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Georges BIZET (1838-1875)
Carmen Suite No. 1 (arr. Ernest Guiraud, c. 1882) [11.58]
Charles GOUNOD (1818-1893)
Petite Symphonie (Nonet), for flute and pairs of oboes, clarinets, horns & bassoons (1885) [18.34]
Georges BIZET 
Symphony No. 1 in C major (1855) [31.31]
Scottish Chamber Orchestra/François Leleux (oboe)
rec. 2019, Caird Hall, Dundee, UK
LINN CKD624 [63:30]

This album of works by teacher and pupil Gounod and Bizet is François Leleux’s debut recording conducting the Scottish Chamber Orchestra (SCO). In addition to conducting the two orchestral works, in the Gounod Nonet for winds Leleux is directing from the oboe.

The oldest work on the album is the Bizet Symphony No. 1 in C major, from 1855. A Parisian, Bizet was only seventeen when he wrote the work and a student at Paris Conservatoire, where Gounod was his mentor. Not receiving a performance in Bizet’s lifetime, the four-movement score remained in manuscript, forgotten until 1935 when it was discovered in the Paris Conservatoire archives. Nearly eighty years had elapsed between composition and premiere when conductor Felix Weingartner introduced the score in 1935 in Basel. Entirely attuned to the unalloyed, joyful disposition of a score blanched with summer sun, the SCO plays splendidly for Leleux. The spirited opening movement Allegro vivo, which is full of energy, stands out, as does the second movement Adagio for its lovely, extended melodic line for oboe in writing that evokes for me the onset of dusk after a long summer evening.

Bizet died in 1875 aged thirty-six, just three months after the premiere of his much-loved masterpiece Carmen, consequently, the creation of a pair of orchestral suites from the opera was left to Bizet’s friend Ernest Guiraud. Leleux has chosen here to conduct the Carmen Suite No. 1 published in 1882. Bizet’s convincing imitation of Latin melodies and rhythms, especially in the Aragonaise and Séguedille, is first class under Leleux who soon creates a satisfying atmosphere of Andalusia. Those who love the Carmen melodies might investigate Rodion Shchedrin’s remarkable ‘CarmenSuite (1967) which he transcribed from the opera as a ballet score for his wife Maya Plisetskaya, a prima ballerina assoluta at Moscow Bolshoi.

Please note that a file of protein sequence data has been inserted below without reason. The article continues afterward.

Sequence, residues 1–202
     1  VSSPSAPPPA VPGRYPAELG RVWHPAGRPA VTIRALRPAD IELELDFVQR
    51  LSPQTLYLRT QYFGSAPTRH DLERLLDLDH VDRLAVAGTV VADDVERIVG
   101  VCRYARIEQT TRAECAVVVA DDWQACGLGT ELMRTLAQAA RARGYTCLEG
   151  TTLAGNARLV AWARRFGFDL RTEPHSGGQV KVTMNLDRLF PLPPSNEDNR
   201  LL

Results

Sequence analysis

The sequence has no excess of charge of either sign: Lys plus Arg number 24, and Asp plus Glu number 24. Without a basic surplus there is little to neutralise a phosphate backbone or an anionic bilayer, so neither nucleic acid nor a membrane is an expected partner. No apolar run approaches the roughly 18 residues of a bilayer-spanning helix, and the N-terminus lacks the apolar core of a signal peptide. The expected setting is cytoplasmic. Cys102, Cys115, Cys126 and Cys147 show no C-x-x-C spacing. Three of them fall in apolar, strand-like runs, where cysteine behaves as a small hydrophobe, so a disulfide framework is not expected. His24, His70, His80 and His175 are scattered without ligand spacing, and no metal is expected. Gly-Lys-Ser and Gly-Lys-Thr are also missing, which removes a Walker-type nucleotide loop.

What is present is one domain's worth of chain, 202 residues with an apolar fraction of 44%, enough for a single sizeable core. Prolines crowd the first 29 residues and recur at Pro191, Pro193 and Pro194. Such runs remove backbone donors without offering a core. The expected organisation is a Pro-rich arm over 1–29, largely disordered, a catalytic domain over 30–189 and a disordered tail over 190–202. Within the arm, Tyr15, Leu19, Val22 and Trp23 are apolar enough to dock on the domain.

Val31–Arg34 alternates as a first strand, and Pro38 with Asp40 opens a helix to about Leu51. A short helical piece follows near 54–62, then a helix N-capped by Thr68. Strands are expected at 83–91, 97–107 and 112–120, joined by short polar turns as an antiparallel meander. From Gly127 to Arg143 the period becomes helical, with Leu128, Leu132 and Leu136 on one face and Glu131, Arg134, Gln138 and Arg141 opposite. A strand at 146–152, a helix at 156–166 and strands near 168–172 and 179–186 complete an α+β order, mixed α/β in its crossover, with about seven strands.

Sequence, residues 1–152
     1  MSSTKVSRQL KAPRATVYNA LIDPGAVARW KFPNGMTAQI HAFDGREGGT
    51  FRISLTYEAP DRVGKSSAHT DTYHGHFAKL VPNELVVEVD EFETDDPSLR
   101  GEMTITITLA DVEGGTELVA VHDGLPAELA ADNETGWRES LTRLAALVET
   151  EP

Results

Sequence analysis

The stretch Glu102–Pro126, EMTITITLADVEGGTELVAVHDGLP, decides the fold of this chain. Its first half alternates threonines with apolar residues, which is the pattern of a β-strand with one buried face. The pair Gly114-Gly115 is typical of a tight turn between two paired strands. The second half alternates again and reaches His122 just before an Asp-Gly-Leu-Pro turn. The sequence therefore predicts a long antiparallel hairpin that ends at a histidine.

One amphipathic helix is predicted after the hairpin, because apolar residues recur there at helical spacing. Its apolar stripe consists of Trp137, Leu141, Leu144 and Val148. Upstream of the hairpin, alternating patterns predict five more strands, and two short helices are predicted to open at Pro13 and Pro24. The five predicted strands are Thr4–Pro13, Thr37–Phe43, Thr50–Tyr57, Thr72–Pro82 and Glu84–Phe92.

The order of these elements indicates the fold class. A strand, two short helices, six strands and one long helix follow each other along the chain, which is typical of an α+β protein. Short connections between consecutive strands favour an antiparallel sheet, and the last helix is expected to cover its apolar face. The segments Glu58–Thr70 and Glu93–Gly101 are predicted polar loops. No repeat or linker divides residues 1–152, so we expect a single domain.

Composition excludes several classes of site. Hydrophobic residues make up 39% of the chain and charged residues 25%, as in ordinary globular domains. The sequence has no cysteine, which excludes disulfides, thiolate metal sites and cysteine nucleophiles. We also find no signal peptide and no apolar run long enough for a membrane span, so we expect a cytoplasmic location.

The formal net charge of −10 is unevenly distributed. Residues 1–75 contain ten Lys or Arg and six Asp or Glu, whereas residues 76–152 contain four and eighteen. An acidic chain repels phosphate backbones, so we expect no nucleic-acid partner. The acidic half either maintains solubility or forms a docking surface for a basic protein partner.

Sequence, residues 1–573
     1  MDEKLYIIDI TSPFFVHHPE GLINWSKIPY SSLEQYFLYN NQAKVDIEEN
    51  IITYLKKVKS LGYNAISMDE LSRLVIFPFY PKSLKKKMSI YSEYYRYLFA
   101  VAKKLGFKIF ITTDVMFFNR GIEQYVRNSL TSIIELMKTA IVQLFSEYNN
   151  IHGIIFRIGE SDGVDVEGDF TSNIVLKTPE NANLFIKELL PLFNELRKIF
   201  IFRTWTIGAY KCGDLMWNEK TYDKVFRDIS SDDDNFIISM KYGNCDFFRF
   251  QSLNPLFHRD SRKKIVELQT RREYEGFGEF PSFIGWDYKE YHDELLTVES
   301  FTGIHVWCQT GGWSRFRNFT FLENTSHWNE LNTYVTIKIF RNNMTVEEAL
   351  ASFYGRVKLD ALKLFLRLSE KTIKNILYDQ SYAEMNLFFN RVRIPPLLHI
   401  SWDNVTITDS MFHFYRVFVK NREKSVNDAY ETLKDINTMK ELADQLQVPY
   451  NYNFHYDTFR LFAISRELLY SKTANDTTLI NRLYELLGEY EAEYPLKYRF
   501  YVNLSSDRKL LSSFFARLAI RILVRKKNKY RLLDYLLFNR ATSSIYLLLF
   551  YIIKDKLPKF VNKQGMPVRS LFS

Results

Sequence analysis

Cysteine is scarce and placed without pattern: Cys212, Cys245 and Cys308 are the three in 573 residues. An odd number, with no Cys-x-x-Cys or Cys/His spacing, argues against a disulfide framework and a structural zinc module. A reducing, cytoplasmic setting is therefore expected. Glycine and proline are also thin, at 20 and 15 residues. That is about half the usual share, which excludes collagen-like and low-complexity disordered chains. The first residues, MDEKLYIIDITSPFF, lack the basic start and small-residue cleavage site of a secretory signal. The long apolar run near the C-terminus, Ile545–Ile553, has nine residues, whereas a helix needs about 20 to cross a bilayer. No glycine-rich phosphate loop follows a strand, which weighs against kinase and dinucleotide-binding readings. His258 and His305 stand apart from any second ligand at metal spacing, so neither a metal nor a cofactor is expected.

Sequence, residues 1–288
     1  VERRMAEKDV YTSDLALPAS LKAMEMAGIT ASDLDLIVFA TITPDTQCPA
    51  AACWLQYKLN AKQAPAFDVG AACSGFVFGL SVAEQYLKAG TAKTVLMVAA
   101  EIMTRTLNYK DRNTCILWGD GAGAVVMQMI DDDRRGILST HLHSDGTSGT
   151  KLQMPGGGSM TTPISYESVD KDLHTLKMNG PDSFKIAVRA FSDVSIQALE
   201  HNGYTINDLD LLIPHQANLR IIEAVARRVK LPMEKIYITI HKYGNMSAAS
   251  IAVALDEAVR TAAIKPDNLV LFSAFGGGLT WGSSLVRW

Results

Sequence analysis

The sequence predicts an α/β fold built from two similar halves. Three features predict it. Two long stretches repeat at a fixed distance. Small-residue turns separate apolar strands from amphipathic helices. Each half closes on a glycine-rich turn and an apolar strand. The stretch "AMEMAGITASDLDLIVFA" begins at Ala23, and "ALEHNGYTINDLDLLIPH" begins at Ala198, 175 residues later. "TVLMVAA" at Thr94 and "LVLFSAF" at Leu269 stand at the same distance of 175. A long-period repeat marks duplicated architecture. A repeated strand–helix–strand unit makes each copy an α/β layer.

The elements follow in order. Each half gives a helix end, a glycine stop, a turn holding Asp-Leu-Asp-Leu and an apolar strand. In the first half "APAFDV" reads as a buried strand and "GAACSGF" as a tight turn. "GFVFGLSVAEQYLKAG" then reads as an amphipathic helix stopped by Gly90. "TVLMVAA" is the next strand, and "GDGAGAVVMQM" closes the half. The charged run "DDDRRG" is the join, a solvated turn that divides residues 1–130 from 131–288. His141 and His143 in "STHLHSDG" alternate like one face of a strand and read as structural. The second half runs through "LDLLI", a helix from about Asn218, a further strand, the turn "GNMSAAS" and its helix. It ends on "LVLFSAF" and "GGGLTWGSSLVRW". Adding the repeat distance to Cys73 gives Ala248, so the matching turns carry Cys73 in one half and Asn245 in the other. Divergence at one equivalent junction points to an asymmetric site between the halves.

Completed by Gounod in 1885 his Petite Symphonie in B-flat major is a four-movement Wind Nonet. It is scored for flute with pairs of oboes, clarinets, horns and bassoons. Gounod wrote the work for his friend Paul Taffanel, the flute virtuoso. Dedicated to the Société de Musique de Chambre pour Instruments à Vent (the Society of Chamber Music for Wind Instruments) the Wind Nonet was introduced in 1885 at the Salle Pleyel. Leleux plays the solo oboe and leads SCO section principals in an intimate and captivating performance of this exquisitely proportioned chamber work. My favourite movement for its irrepressible charm is the Andante cantabile, in which soloist Silvia Careddu relishes the splendid flute part. Noteworthy, too, is the buoyant Scherzo with the horns both heading the revelries and evoking the hunt.

Under Leleux, the SCO excel in this French repertoire with brilliant and stylish playing that feels absolutely right. Recorded for the Linn label at Caird Hall, Dundee the album has the advantage of sound quality that is equally clear and well balanced. A helpful essay in the booklet provides the essential information, too. Beautifully played, recorded and presented this is a quite delightful release.

Michael Cookson

Wind players - Gounod Petite Symphonie:
Flute: Silvia Careddu
Oboes: François Leleux, Rosie Staniforth
Clarinets: Maximiliano Martín, William Stafford
Bassoons: Jesus Villa, Alison Green
Horns: Steve Sterling, Harry Johnstone

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